Raising the American flag in Rongerik

When World War II ended, President Truman authorized joint U.S. Army-Navy nuclear weapons tests to determine the effect of atomic bombs on American warships. The Bikini Atoll was chosen to be the new nuclear proving ground for operation Crossroads because of its location away from regular air and sea routes. Mydans was sent to the island to document the exodus of the people of Bikini. The story was published by LIFE (Mar 25, 1946).
In March 1946, to make way for nuclear testing, the Bikinians were sent 125 miles eastward across the ocean on a U.S. navy landing craft to the uninhabited, sparsely vegetated Rongerik Atoll. Although the new island was slightly larger than Bikini and had more trees, the natives soon discovered that the trees produced few fruits. Within two months of their arrival, they began to beg U.S. officials to move them back to Bikini.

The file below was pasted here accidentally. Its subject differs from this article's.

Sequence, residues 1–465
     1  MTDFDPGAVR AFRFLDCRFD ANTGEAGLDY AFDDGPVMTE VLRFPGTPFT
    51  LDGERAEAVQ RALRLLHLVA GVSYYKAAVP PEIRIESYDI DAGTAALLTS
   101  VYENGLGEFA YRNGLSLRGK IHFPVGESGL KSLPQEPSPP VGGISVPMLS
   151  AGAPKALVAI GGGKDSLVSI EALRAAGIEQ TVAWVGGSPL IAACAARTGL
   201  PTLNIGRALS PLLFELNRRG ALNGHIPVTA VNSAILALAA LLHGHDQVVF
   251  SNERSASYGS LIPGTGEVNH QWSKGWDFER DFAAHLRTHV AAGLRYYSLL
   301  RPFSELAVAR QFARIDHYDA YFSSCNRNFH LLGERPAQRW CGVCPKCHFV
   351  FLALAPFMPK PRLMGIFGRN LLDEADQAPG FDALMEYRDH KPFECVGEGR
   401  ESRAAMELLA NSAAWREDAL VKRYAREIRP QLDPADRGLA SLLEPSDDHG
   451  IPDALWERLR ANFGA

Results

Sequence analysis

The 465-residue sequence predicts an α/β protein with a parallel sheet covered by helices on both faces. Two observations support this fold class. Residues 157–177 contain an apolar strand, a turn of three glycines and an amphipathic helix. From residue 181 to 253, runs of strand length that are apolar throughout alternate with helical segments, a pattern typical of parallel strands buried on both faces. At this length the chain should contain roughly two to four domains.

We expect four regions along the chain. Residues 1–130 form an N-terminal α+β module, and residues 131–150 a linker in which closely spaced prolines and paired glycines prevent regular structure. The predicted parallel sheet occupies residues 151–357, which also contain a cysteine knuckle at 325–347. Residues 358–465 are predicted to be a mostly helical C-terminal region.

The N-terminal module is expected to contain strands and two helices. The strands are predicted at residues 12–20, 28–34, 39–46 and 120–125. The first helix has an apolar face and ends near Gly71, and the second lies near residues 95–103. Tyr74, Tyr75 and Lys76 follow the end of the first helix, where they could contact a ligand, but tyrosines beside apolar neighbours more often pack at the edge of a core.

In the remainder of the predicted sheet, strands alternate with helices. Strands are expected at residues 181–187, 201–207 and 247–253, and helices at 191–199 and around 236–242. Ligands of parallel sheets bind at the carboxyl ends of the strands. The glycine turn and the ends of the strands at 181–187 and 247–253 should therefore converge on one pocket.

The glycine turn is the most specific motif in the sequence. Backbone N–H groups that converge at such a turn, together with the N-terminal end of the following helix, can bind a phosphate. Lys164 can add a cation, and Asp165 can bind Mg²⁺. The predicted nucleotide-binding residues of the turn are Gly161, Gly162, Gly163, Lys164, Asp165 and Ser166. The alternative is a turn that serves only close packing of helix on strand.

One year after being relocated, the military governor appointed an investigation board to look into the Bikinians plight. In a meeting with the people it was reported that there was insufficient food, fresh water supplies were low, and the atoll had only one brackish well. Within two years, the Bikinians were starving and had to be relocated once more.
Currently not on view
Object Name
Date made
Mydans, Carl
Physical Description
paper (overall material)
overall: 11 in x 14 in; 27.94 cm x 35.56 cm
place made
Marshall Islands: Ralik Chain, Rongerik
ID Number
accession number
catalog number
Carl Mydans
See more items in
Culture and the Arts: Photographic History
Carl Mydans
Data Source
National Museum of American History, Kenneth E. Behring Center

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